He was fond of this species of composition, to which his acquirements and the bent of his mind peculiarly fitted him, when his prejudices did not interfere. A darling project of the kind with him was the Life of Alfred; but this he now relinquished, to undertake a work which forms not only a memorable epoch in his life, but in the history of English literature: he engaged with the booksellers for the compilation of an English Dictionary. To enable him to complete this vast undertaking, he hired a house in Gough Square, Fleet Street, and fitted up one of the rooms for the purpose, in which he employed six amanuenses. The plan of the work was published in 1747, addressed to Lord Chesterfield, and the Dictionary was completed and published in 1753. For this stupendous labour Johnson received the sum of 1575, a very inadequate price, when we consider the space of time it occupied, and the expenses which he incurred in its prosecution. Its merits and defects it is not my province here to discuss.

During the period that he was engaged upon his Dictionary he relaxed from the dry pursuits of lexicography, by occasional compositions of a more imaginative kind. The Vision of Theodore, the Hermit of Teneriffe, a beautiful allegory of the life of man, which he himself thought the best of his writings, was published in Dodsley's Preceptor, in 1748. The Vanity of Human Wishes, being the tenth satire of Juvenal imitated, was published in 1749. "It breathes a strain of calm and dignified philosophy more pleasing to the mind than the party exaggeration of the prior satire." His adaptation of the poem to modern times and manners is happy and judicious, his selection of characters and examples peculiarly so; that of Charles of Sweden, for terseness and vigour of thought and elegance of expression, stands unrivaled. The conclusion of the poem is in a noble strain of moral pathos.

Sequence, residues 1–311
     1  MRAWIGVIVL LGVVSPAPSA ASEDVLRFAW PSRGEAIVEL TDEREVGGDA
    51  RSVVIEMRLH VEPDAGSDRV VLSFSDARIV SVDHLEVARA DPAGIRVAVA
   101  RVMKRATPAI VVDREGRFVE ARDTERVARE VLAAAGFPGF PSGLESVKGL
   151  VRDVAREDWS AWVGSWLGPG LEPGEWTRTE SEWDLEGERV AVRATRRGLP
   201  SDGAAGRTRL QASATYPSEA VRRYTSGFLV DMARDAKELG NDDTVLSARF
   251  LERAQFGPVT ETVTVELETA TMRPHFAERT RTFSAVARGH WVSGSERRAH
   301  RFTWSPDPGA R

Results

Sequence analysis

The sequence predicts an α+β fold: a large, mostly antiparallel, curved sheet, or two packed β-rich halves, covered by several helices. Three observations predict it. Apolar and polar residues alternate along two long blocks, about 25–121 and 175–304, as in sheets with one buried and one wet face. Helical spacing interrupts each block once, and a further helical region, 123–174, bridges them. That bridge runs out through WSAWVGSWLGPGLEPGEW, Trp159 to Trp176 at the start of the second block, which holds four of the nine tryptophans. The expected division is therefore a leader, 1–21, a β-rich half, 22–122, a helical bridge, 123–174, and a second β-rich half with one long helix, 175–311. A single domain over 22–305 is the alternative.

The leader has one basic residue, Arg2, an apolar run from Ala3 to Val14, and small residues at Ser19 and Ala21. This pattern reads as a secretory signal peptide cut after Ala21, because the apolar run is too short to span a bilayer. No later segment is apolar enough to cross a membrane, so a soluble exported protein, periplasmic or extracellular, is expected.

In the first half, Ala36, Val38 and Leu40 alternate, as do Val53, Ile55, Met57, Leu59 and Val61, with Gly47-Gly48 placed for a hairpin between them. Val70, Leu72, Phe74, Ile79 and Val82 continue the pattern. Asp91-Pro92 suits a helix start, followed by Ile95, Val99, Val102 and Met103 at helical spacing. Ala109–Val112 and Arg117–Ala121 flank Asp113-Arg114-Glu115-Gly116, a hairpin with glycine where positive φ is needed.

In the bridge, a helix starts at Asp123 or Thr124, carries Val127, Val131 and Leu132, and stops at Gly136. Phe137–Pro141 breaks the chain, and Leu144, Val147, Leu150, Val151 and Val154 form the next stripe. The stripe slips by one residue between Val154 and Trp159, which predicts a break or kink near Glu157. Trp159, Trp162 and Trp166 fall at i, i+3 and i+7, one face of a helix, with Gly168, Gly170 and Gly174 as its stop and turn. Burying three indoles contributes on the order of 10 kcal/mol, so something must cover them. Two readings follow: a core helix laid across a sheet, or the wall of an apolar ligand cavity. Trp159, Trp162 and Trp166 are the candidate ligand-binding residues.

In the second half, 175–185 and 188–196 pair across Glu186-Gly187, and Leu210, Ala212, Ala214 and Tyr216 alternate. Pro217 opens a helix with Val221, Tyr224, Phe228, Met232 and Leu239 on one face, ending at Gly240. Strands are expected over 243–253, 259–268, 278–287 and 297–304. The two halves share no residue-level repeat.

In the same year Garrick kindly offered to produce his tragedy of Irene on the stage, and after some alterations, unwillingly permitted by the author, it appeared; but was received with no great favour by the public, lingered a few nights, and was then withdrawn. Johnson's genius was by no means of a dramatic character. Irene is rather a series of moral dialogues than a tragedy; the plot is uninteresting, the incidents such as scarcely command attention in the closet; and he who could point out in Cato and the tragedies of the French school how "Declamation roar'd while Passion slept," knew not how to avoid the same defect: his own lines are remarkably applicable:

Yet still did Virtue deign the stage to tread,
Philosophy remain'd though Nature fled.

There are fine philosophical sentiments in his tragedy; but the versification has not a natural and harmonious flow, and it is even a frigid dramatic poem.

The Rambler was commenced on the twentieth of March, 1750, and continued every Tuesday and Saturday for two years. It was not very successful at first, but gradually gained ground in public estimation; and he had the satisfaction of living to see ten large editions dispersed in England alone, besides those printed in Ireland and Scotland. No more striking proof of the energy and fertility of Johnson's mind can be required than the recollection that this admirable work was written in the intervals snatched from his lexicographical labours, at a time too when he was afflicted by ill health and other impediments to mental exertion.